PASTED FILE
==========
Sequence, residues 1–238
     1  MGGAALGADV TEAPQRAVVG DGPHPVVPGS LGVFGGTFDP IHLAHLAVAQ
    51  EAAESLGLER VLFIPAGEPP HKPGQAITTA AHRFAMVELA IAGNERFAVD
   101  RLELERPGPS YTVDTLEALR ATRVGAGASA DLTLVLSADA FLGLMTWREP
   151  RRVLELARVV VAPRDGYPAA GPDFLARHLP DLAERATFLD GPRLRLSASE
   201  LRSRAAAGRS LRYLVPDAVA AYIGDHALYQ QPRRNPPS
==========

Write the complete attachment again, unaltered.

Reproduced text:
Sequence, residues 1–238
     1  MGGAALGADV TEAPQRAVVG DGPHPVVPGS LGVFGGTFDP IHLAHLAVAQ
    51  EAAESLGLER VLFIPAGEPP HKPGQAITTA AHRFAMVELA IAGNERFAVD
   101  RLELERPGPS YTVDTLEALR ATRVGAGASA DLTLVLSADA FLGLMTWREP
   151  RRVLELARVV VAPRDGYPAA GPDFLARHLP DLAERATFLD GPRLRLSASE
   201  LRSRAAAGRS LRYLVPDAVA AYIGDHALYQ QPRRNPPS